Alibaba: New Retail model goes beyond e-commerce

Chinese e-commerce giant is building an ecosystem of digital services which it says will see customer experience enhanced by augmented reality, AI, and facial recognition

biometric-eye-100703404-orig.jpg
biometric-eye-100703404-orig.jpg

Alibaba has a vision for the future of retail where there is no distinction between online and offline shopping, and the customer experience is enhanced by augmented reality, artificial intelligence (AI) and facial recognition.

To facilitate its vision, Alibaba is pioneering its ‘New Retail’ model and striving to go beyond e-commerce, instead building an ecosystem of digital services that can be tapped into by consumers, sellers, service providers and content providers.

Representatives from the largest retail commerce company were in Sydney this week for the Online Retailer conference. According to John O'Loghlen, director of business development, Australia and New Zealand for Alibaba Group, the opportunity for local brands to engage with new markets and customers through e-commerce continues to be huge.

“As an industry, e-commerce is still in its infancy and the opportunities it presents for local businesses are enormous,” O’Loghlen told CMO. “One of the reasons we have a presence in Australia and New Zealand is to work with local businesses to help them understand and guide them through the evolving regulatory landscape in e-commerce to ensure they are best positioned for success.

“Longer-term, we expect Australian and New Zealand businesses will continue to see success in China via e-commerce channels. They have a natural advantage because their products are incredibly well perceived by Chinese consumers, while Australia and New Zealand’s free trade agreements with China continue to position both as leading trade partners.”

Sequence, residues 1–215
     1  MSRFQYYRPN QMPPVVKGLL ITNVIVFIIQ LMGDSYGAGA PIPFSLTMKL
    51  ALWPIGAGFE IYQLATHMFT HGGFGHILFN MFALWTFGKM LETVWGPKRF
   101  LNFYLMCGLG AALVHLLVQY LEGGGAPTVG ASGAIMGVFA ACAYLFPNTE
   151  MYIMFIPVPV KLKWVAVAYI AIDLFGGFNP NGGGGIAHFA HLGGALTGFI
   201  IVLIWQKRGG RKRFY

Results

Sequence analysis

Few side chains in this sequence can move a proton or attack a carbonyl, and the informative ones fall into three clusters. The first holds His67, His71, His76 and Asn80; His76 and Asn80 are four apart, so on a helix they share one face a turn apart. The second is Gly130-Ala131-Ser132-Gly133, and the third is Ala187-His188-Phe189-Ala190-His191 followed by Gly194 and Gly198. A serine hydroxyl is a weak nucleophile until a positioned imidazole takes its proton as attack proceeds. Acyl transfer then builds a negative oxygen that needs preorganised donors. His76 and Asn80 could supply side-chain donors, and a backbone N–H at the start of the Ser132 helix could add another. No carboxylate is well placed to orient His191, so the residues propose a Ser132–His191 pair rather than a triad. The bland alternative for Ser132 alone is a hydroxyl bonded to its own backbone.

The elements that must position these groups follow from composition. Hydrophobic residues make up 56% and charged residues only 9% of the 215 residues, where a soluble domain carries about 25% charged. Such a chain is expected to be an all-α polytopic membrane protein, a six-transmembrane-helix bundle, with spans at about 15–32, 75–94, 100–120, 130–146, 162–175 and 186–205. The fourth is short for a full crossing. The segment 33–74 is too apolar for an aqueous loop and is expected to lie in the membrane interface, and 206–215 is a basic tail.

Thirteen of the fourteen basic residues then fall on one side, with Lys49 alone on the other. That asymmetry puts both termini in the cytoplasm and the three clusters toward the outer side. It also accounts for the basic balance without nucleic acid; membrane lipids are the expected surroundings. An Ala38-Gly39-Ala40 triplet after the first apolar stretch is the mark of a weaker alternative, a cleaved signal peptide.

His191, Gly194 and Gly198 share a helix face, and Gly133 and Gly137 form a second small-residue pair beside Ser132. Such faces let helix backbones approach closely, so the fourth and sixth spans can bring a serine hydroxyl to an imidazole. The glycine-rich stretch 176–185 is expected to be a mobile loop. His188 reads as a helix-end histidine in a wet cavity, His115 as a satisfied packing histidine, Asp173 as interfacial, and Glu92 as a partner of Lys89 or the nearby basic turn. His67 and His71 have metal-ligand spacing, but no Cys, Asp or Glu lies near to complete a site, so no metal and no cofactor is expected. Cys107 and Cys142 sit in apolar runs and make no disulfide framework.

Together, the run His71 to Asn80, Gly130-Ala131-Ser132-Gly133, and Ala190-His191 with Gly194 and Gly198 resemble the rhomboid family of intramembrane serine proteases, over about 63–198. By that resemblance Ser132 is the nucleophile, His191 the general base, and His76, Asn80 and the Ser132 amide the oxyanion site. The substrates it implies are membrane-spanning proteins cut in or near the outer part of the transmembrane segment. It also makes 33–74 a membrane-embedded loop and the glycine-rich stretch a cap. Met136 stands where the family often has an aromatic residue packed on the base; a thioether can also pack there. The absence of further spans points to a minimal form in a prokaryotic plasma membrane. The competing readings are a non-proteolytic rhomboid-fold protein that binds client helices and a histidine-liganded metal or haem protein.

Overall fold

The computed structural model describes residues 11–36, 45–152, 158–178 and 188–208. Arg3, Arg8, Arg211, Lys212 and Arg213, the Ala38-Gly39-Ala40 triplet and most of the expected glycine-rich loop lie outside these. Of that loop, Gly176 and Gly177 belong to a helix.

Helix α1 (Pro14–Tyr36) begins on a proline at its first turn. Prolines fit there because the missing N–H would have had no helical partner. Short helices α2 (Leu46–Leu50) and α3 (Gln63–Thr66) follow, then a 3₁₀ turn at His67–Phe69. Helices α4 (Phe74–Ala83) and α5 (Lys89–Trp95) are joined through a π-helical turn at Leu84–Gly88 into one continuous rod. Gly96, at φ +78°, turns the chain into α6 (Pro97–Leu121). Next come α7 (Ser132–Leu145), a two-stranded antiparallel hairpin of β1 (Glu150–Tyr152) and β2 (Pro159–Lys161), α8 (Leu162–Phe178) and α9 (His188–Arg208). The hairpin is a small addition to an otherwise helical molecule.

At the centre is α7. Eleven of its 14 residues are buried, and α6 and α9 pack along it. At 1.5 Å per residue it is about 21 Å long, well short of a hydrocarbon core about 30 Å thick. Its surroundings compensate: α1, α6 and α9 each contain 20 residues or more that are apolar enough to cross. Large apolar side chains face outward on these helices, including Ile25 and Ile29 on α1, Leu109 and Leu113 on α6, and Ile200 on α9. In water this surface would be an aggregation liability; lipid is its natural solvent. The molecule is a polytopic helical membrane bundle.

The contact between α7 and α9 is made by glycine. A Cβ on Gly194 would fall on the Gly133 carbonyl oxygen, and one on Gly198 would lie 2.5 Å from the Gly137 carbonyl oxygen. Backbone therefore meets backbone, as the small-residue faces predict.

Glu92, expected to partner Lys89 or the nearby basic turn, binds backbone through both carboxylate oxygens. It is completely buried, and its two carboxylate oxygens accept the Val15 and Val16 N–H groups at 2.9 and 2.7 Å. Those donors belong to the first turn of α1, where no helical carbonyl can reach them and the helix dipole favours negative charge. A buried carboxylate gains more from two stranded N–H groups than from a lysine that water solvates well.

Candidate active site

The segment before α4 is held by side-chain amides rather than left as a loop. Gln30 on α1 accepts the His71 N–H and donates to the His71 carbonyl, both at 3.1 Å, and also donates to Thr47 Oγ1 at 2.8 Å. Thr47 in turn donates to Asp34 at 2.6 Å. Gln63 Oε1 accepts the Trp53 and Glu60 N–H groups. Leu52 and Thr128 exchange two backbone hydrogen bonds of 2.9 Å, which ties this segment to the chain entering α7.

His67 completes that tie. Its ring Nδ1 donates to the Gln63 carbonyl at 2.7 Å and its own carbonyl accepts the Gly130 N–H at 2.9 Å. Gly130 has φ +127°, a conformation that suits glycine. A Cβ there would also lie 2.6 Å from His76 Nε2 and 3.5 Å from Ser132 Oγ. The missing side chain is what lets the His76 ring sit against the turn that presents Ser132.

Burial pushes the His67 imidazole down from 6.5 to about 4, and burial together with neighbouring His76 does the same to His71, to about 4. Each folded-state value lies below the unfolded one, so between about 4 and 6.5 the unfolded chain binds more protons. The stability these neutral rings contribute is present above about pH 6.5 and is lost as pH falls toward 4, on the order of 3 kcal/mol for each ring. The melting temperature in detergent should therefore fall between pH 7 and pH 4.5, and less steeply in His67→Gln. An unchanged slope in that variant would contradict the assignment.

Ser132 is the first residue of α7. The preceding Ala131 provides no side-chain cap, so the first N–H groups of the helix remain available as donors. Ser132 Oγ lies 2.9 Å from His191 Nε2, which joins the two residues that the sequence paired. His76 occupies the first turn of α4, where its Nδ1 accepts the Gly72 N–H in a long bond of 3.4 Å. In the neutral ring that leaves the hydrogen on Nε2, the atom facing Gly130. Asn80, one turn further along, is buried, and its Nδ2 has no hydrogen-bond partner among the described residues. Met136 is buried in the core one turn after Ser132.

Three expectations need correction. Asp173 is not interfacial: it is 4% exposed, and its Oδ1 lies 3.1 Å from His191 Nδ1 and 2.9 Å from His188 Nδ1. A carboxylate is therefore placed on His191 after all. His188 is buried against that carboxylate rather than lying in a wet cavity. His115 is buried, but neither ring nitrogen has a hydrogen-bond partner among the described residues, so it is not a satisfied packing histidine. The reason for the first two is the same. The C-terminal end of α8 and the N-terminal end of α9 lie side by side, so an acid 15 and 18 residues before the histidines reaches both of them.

Digital dominance

And Alibaba should know, being the largest retail commerce company in the world in terms of gross merchandise value. As of March this year, it had 552 million annual active consumers on its China retail marketplaces.

Its two biggest marketplaces are Taobao Marketplace, China’s largest mobile commerce destination, and Tmall, China’s largest third-party platform for brands and retailers. There are more than 2000 Australian brands and 700 New Zealand brands on Tmall and Tmall Global, many of which entered China for the first time through the platforms, and this continues to grow almost daily.

In fact, O’Loghlen said Australian brands are among the strongest performing on Tmall Global, and last year, Australia ranked as the third-highest selling country on the platform. Australia also ranked as the third-highest selling country into China during Alibaba’s 11.11 Global Shopping Festival in 2017, with local brands, Swisse and Bio Island, ranking in the top five most imported brands during the sale.

“We have plans to introduce another 1000 local brands to Tmall and Tmall Global over the next three years. However, our operations and focus for Australia and New Zealand does not end at ecommerce. We have also successfully introduced Alipay and Alibaba Cloud to this market,” he said.

In China, Alibaba is pioneering its New Retail model, which combines the best of both in-shop and online retail experiences.

“With New Retail, our goal is to allow businesses to succeed in the digital era. This means helping traditional retailers to restructure and enhance the way they operate, which can touch everything from customer experience, to inventory management, and retail spaces,” O’Loghlen explained.

To help illustrate how it works, Alibaba recently set up two temporary pop-up stores in Sydney and Melbourne featuring augmented reality mirrors, facial recognition payment and interactive in-store mobile phone games.

“This has the potential to reshape what retailers can offer and how they interact with their customers,” O’Loghlen said.